Ask the recruiter for the branch you have chosen to assess your chances of being accepted for training in the occupation of your choice, or, better still, take the aptitude exam to see how well you score. The military uses the aptitude exam as a placement exam, and test scores largely determine an individual's chances of being accepted into a particular training program. Selection for a particular type of training depends on the needs of the service, your general and technical aptitudes, and your personal preference. Because all prospective recruits are required to take the exam, those who do so before committing themselves to enlist have the advantage of knowing in advance whether they stand a good chance of being accepted for training in a particular specialty. The recruiter can schedule you for the Armed Services Vocational Aptitude Battery without any obligation. Many high schools offer the exam as an easy way for students to explore the possibility of a military career, and the test also provides insight into career areas in which the student has demonstrated aptitudes and interests.
If you decide to join the military, the next step is to pass the physical examination and sign an enlistment contract. Negotiating the contract involves choosing, qualifying, and agreeing on a number of enlistment options such as length of active duty time, which may vary according to the enlistment option. Most active duty programs have first-term enlistments of 4 years, although there are some 2-, 3-, and 6-year programs. The contract also will state the date of enlistment and other options, such as bonuses and types of training to be received. If the service is unable to fulfill its part of the contract, such as providing a certain kind of training, the contract may become null and void.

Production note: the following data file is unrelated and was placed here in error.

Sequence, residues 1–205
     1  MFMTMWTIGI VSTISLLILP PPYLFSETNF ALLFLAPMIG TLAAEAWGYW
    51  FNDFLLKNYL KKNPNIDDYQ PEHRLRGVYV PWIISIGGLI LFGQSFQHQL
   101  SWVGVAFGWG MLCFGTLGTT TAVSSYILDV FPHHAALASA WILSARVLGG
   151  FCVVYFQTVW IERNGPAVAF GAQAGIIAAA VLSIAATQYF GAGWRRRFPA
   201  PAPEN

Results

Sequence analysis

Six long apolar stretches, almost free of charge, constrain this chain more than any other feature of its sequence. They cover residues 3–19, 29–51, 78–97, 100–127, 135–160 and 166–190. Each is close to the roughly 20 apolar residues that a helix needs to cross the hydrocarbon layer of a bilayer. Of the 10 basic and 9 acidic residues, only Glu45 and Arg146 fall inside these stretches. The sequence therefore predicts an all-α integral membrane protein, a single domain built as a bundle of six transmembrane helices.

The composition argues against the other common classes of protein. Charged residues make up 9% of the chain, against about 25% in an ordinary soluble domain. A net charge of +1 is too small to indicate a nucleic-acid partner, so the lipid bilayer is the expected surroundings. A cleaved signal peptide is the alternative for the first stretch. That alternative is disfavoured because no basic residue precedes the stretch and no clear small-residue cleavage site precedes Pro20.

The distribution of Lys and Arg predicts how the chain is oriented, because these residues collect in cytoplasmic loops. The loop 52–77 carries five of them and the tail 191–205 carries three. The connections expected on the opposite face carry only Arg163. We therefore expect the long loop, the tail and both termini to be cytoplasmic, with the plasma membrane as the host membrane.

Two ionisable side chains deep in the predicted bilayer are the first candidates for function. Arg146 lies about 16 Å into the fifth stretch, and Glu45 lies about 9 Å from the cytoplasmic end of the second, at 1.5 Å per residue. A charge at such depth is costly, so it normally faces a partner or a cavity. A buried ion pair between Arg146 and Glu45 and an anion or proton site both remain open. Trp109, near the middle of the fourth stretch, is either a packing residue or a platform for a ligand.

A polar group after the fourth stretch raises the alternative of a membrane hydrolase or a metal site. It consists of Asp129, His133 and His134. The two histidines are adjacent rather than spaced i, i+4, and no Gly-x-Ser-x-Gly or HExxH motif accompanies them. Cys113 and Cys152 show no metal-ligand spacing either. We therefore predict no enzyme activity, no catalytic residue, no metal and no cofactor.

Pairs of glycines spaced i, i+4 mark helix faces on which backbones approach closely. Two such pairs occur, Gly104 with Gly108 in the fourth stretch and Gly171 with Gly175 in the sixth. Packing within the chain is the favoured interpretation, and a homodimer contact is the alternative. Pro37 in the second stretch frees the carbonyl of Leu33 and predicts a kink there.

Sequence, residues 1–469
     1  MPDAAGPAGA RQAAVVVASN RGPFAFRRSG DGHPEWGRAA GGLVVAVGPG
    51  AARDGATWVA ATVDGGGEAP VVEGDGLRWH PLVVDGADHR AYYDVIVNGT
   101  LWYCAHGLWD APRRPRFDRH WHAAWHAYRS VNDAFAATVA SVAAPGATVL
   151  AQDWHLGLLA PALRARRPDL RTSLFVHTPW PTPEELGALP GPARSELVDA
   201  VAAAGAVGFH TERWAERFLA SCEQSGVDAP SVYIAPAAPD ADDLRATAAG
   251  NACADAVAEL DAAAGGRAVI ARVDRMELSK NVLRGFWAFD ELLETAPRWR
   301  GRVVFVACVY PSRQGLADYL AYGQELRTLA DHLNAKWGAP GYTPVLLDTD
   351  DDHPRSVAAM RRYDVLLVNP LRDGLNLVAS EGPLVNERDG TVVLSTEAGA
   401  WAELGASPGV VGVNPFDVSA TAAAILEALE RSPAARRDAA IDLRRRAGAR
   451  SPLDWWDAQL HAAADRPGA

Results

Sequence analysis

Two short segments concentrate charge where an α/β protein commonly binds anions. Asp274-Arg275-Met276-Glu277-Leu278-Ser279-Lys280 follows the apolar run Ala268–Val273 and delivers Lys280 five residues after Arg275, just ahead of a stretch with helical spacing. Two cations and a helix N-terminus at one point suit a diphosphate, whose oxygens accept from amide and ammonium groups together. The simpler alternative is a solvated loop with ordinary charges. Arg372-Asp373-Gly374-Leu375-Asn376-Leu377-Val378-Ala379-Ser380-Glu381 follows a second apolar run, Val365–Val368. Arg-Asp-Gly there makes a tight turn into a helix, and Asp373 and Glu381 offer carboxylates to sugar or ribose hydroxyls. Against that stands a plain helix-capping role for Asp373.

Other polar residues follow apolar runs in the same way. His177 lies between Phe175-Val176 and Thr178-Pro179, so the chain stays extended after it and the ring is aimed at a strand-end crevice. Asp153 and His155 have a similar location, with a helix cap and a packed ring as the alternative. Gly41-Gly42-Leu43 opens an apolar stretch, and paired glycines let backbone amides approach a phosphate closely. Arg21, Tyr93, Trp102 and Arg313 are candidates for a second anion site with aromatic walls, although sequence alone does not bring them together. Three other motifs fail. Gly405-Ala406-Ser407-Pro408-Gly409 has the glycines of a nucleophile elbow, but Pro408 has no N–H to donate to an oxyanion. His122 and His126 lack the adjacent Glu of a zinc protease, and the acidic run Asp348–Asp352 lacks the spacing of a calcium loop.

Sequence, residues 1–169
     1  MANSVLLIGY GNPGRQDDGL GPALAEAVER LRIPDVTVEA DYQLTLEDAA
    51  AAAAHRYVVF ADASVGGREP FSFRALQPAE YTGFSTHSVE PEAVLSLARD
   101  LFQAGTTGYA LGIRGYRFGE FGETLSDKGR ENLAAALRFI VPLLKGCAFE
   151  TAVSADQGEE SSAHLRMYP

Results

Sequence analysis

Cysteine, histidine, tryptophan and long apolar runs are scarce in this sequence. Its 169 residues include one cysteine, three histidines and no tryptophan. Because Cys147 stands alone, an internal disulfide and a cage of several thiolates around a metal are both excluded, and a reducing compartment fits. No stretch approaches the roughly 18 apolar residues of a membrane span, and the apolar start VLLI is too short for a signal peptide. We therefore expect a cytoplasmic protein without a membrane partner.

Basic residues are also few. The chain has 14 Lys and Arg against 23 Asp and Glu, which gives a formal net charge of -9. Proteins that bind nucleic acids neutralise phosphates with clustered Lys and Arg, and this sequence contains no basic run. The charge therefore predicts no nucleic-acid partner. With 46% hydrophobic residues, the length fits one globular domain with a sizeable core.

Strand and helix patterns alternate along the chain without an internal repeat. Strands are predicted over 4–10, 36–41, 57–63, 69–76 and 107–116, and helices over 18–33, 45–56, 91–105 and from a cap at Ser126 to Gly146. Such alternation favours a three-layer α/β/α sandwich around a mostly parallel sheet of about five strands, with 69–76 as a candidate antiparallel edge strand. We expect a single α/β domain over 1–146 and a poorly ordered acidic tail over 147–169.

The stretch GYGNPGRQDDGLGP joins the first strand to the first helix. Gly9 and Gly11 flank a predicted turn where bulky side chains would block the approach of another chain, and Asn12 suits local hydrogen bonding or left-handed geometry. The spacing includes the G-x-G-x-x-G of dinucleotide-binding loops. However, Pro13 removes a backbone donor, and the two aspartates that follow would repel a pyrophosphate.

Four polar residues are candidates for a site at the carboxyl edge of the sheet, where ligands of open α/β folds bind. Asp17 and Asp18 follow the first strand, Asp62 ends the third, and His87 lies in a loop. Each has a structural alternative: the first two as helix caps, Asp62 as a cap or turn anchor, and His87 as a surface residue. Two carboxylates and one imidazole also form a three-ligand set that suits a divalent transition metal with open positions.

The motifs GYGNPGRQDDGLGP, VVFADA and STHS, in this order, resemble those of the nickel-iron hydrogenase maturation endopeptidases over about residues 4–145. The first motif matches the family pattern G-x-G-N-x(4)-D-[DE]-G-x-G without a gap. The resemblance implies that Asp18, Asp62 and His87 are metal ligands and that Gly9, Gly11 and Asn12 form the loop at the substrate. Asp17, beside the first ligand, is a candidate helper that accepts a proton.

All services offer a "delayed entry program" by which an individual can delay entry into active duty for up to 1 year after enlisting. High school students can enlist during their senior year and enter a service after graduation. Others choose this program because the job training they desire is not currently available but will be within the coming year, or because they need time to arrange personal affairs.
Women are eligible to enter most military specialties—for example, mechanics, missile maintenance technicians, heavy equipment operators, and fighter pilots, as well as medical care, administrative support, and intelligence specialties. Generally, only occupations involving direct exposure to combat are excluded.
People planning to apply the skills gained through military training to a civilian career should first determine how good the prospects are for civilian employment in jobs related to the military specialty that interests them. Second, they should know the prerequisites for the related civilian job. Because many civilian occupations require a license, certification, or minimum level of education, it is important to determine whether military training is sufficient to enter the civilian equivalent or, if not, what additional training will be required. Other Handbook statements discuss the job outlook, training requirements, and other aspects of civilian occupations for which military training and experience are helpful. Additional information often can be obtained from school counselors.
Following enlistment, new members of the Armed Forces undergo recruit training, which is better known as "basic" training. Recruit training provides a 6- to 12-week introduction to military life with courses in military skills and protocol. Days and nights are carefully structured, and include rigorous physical exercise designed to improve strength and endurance and build unit cohesion.
Following basic training, most recruits take additional training at technical schools that prepare them for a particular military occupational specialty. The formal training period generally lasts from 10 to 20 weeks, although training for certain occupations—nuclear power plant operator, for example—may take as long as a year. Recruits not assigned to classroom instruction receive on-the-job training at their first duty assignment.